Statements

Conceptual and Aesthetic Dimensions of an ECG/RESP
Sensor Artwork

by Yi-Huei Chen and Wen-Shu Lai

ABSTRACT: This article aims to explore an innovative application pairing optical fibers with an electrocardiography (ECG)/respiration (RESP) sensor in art. The constructed interactive work Clock Inside Out not only reflects multifaceted human life but also coexists with the body in the world. Thus, the body is extended to take on a technological character and portrayed as a heteromerous embodiment. Following an analysis of the artwork, the article elaborates on the aesthetic and corporeal phenomena arising from it and concludes with the new meanings and implications carried by the artwork.

CODEX: Mapping Co-Created Data for Speculative Geographies

by Tom Corby, Gavin Baily and Stefano de Sabbata

ABSTRACT: This article discusses a series of artworks named CODEX, produced by the authors as part of a collaborative research project between the Centre for Research in Education, Art and Media (CREAM), University of Westminster and the Oxford Internet Institute. Taking the form of experimental maps, large-scale installations and prints, the series shows how big data can be employed to reflect upon social phenomena through the formulation of critical, aesthetic and speculative geographies.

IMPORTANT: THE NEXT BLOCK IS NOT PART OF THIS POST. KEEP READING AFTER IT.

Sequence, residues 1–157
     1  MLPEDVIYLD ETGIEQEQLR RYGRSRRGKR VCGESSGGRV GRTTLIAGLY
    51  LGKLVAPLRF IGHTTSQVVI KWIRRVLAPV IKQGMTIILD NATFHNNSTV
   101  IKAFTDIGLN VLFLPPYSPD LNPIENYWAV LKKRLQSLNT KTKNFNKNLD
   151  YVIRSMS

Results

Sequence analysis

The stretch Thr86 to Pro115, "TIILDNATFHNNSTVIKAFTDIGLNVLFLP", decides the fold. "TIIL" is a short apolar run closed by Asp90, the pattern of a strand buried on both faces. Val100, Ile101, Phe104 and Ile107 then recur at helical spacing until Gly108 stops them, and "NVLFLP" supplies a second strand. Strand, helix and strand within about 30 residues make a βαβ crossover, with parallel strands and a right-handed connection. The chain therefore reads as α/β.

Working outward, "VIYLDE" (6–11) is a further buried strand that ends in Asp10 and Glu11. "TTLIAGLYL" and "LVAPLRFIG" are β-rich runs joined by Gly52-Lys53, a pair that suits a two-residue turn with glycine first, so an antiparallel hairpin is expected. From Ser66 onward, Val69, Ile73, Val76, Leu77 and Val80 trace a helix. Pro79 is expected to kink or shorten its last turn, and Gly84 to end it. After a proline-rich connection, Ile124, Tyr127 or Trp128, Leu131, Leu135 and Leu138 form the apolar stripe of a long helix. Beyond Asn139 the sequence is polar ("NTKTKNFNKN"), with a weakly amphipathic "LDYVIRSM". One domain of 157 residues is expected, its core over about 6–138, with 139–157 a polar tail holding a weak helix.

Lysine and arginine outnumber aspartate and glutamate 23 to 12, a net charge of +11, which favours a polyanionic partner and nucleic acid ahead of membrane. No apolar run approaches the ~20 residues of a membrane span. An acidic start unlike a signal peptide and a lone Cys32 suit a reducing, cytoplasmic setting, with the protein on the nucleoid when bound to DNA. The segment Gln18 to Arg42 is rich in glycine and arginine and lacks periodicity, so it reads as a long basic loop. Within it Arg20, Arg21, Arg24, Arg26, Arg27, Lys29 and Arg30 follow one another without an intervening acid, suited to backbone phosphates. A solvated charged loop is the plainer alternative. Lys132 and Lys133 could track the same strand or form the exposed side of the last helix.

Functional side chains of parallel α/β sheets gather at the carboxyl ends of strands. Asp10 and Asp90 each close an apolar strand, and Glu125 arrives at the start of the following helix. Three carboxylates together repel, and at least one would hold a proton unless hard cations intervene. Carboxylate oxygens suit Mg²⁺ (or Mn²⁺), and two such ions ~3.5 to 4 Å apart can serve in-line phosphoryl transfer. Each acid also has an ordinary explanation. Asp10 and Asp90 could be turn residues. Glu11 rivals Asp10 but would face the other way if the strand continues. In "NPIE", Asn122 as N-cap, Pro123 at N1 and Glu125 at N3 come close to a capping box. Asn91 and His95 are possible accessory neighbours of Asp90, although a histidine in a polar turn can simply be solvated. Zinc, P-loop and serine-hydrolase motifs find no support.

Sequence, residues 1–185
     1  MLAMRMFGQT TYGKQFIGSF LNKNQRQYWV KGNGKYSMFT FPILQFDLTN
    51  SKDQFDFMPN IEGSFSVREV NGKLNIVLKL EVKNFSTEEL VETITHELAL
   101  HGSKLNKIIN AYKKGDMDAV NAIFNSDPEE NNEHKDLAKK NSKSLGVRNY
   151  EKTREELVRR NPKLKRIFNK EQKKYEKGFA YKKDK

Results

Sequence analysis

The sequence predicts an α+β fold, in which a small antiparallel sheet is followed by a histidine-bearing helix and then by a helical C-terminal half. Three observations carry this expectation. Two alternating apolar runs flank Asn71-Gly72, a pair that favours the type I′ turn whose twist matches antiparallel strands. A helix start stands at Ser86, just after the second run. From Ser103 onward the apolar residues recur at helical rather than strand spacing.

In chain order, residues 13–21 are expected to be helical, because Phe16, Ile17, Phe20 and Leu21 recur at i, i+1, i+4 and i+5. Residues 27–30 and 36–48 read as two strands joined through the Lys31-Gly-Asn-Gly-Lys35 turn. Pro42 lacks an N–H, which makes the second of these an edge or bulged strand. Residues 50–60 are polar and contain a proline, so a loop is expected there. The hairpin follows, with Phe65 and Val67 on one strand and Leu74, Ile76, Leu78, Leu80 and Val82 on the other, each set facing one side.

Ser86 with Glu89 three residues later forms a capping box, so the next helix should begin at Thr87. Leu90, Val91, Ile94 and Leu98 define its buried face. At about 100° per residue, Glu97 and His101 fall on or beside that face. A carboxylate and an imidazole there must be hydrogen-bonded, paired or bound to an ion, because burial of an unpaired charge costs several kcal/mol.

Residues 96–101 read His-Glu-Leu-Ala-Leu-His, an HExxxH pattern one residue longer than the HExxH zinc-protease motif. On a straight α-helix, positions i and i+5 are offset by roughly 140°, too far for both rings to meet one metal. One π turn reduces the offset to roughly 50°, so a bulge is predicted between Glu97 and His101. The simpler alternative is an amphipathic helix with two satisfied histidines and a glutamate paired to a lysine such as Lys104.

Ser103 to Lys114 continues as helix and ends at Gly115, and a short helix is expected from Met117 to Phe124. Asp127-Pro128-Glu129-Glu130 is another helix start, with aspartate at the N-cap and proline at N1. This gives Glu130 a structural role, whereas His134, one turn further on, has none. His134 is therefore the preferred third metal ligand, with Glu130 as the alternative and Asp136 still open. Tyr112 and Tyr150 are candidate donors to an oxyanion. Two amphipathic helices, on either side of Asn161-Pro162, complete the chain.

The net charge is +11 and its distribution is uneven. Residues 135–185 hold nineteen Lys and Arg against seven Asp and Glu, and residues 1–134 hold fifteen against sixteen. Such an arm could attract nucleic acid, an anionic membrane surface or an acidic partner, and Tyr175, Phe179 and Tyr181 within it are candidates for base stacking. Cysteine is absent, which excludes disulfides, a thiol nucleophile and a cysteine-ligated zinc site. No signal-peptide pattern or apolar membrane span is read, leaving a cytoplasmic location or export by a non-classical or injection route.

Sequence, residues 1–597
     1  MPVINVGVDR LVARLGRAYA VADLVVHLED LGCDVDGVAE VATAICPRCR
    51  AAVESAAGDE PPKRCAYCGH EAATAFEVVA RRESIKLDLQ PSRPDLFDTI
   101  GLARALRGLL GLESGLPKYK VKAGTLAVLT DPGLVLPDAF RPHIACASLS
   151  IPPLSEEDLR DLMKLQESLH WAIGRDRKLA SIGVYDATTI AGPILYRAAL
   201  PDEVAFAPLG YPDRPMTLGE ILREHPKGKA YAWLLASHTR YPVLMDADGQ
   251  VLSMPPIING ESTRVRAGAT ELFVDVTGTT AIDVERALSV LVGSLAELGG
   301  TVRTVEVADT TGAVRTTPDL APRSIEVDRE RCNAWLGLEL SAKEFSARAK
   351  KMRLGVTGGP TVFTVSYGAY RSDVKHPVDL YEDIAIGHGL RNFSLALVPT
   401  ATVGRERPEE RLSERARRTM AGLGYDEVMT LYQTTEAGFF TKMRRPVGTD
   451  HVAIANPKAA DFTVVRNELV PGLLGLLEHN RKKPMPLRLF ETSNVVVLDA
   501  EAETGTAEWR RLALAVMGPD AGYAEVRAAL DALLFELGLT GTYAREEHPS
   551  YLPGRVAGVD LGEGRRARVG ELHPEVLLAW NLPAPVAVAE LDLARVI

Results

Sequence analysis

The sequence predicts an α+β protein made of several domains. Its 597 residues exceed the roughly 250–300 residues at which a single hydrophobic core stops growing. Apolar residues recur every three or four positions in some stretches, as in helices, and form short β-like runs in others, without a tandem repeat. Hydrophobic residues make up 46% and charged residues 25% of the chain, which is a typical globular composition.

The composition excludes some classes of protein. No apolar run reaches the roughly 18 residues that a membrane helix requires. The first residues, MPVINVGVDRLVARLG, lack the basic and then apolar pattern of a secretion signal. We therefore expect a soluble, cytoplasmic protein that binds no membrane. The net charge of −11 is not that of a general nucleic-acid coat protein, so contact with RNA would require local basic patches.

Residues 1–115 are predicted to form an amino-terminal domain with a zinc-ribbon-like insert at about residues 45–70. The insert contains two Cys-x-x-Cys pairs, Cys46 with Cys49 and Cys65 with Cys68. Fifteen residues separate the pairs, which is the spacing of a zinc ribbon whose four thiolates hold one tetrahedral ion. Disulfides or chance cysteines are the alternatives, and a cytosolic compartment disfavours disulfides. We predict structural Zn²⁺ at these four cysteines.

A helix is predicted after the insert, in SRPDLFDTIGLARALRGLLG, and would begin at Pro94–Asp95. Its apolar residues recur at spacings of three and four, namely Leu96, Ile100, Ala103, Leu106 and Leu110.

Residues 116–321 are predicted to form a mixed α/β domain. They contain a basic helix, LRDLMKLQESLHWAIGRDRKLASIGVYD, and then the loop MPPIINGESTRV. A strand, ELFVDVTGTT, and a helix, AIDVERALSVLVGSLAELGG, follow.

From Softimage to Postimage

by Ingrid Hoelzl and Rémi Marie

ABSTRACT:With the digital revolution, the photographic paradigm of the image has become supplemented with an algorithmic paradigm. The result is a new kind of image capable to gather, compute, merge and display heterogeneous data in real time; no longer a solid representation of a solid world but a softimage—a programmable database view. In today’s neurosciences and machine vision, the very concept of “image” as a stable visual entity becomes questionable. As a result, the authors propose that the need exists to radically expand the definition of image and abandon its humanist and subjective frame: The posthuman image—which the authors propose to call the postimage—is a collaborative image created through the process of distributed vision involving humans, animals and machines.


Structuralizing the Fluxus Way of Life: The Social Network
of Fluxus

by Rooni Lee, Yunkyu Sohn and Wonjae Lee